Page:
Posted on December 7th, 2009 in excel apps , Learn Excel - 15 comments

Steven, one of our readers from England sent me a Christmas gift tracker worksheet. I found it pretty cool, so made some minor changes to it and am sharing it with you all so that you can have great time shopping for the holidays.

There are probably a million other gift trackers out there, but I liked Steven’s version for few reasons:

• He used conditional formatting to zebra line the gift-table.
• He used array formulas to find-out who is receiving the most expensive gift. The formula relies on VLOOKUP coupled with SUBTOTAL so that when you filter the list to see gifts only for certain age group, the formula shows most expensive gift receiver in that group alone. How cool is that 😎
• He used cell formatting to highlight gifts overshooting budget in RED color.
• He used SUMPRODUCT liberally to summarize the gift data to show us “how many people got the gifts”, “how many gifts are over the budget”, “how many gifts are under-budget”.

Go ahead and download the workbook. Even if you dont have a huge list of gifts to buy this Christmas (REALLY ?!? You dont have a long list? Can I please, please get that wii?). The workbook is full of excel lessons on conditional formatting, formulas and design.

Click here to download the file. It is protected to make sure you accidentally erase a formula or something. But there is no password. So go ahead and unlock it to learn something cool.

### Thank you Steven,

 Dilbert on Excel, Spreadsheets and Cell C23 How to pick a random date? [Formulas]

2. JP says:

I'm confused: if you spend \$10, and your budget is \$40, shouldn't the amount in the "Within Budget?" column stay black, since you didn't go over budget?

In other words, since we overspent on the electronic photo frame, shouldn't the \$8 cell turn red?

3. Chandoo says:

@JP.. maybe Steven is encouraging consumerism... ?

I havent realized it earlier, but now I see it. If you unprotect the sheet, you can change the formula in Column I to =IF(G13=0;" ";F13-G13) from =IF(G13=0;" ";G13-F13), that should correct the behavior.

4. JP says:

Thanks Chandoo. I thought of making a shopping list spreadsheet for Christmas, but this is neat so I think I'll use this instead.

5. chrisham says:

Chandoo & Steven thanks for this spreadsheet. But for the sake of a person who has been staring at this megaformula in vain for the last 40 mins and not afraid to ask, would it be possible for you to walk us through the logic used here?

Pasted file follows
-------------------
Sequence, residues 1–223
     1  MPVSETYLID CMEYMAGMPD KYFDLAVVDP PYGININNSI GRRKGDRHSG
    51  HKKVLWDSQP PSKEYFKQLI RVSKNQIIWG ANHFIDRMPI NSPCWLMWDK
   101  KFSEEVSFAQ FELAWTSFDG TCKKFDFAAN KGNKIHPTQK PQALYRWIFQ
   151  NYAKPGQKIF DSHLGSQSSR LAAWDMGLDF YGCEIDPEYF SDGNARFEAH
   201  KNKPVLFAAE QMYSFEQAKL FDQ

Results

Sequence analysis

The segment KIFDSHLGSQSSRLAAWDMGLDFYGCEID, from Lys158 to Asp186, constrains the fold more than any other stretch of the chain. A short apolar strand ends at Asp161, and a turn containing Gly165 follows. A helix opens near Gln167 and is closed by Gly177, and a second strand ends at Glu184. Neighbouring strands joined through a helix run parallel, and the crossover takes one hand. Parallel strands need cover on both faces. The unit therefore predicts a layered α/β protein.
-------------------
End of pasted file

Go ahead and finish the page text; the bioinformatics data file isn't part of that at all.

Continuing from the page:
=SUM(SUMPRODUCT(SUBTOTAL(3,OFFSET(\$K\$13:\$K\$62,ROW(\$K\$13:\$K\$62)-MIN(ROW(\$K\$13:\$K\$62)),0,1)),--(\$K\$13:\$K\$62="-"))+SUMPRODUCT(SUBTOTAL(3,OFFSET(\$K\$13:\$K\$62,ROW(\$K\$13:\$K\$62)-MIN(ROW(\$K\$13:\$K\$62)),0,1)),--(\$K\$13:\$K\$62="0")))&" / "&SUBTOTAL(2,\$G\$13:\$G\$62)

6. Tea Bag.. says:

Thanks Chandoo.. This is one of the best budget spreadsheets I've ever seen.. The Arrays are out of this world!! And it's FREE!!
Chandoo, can you tell us more about Steven? Does he have his own site?

7. Steven says:

JP, I think Chandoo changed it when he changed the currency formatting from £ to \$, a negative figure is a good thing in this case. But don't change the formulas, the overbudget and under budget won't work properly if you do. Also Chandoo I think you've accidentally broke the conditional formatting for the alternating row colouring the formula is different to the version I sent you. As for the megaformula chrisham, it gave me a headache trying to get it all working, so I will let Chandoo talk you through it.

8. savithri says:

Hi,
In cells I6 and I7, I understand that subtotal together with offset function returns an array of ones after which, the sumproduct function gives the desired result.
But I’m not able to figure out the reason for using an array in I8 to return the most expensive gift.
Can’t the formula be just
“=VLOOKUP(SUBTOTAL(4,\$G\$13:\$G\$62),\$G\$13:\$J\$62,4,0)”

9. Steven says:

Savithri, Cell I8 needs the array, if the formula was “=VLOOKUP(SUBTOTAL(4,\$G\$13:\$G\$62),\$G\$13:\$J\$62,4,0)” it would find the highest price from the filtered range (i.e. highest actual in filtered range is \$50) BUT then return the first person with that actual, not looking in just the filtered range (so first person on the list with a \$50 actual.)
To see what I mean, change the formula, then change all the actuals to \$50 then filter for baby, it lists the first name on the list.
But a good question 🙂

10. savithri says:

Thank you. I now realise that the array is used to get the ‘filtered range’ instead of the entire range, as table array for look up value.

12. AprMarie7 says:

this looks like an awesome excel sheet!! is there anyway i can get it emailed to me unprotected? for some reason, i am unable to download it 🙁 help!!

13. Danny says:

Hi I also can not download to a mac as the sheet is protected any help would be great

14. [...] to send her a pricey present. Rather, send a card with a picture of your child. Here’s a cool Excel sheet that will help you estimate your budget per person and let you track [...]

15. [...] husband and I pour/poor over the Christmas spreadsheet (yes, I do know how dorky that sounds, but we’re not the only ones!), figuring out who should give what to whom. We live at a distance from most of our family, so it [...]

 Dilbert on Excel, Spreadsheets and Cell C23 How to pick a random date? [Formulas]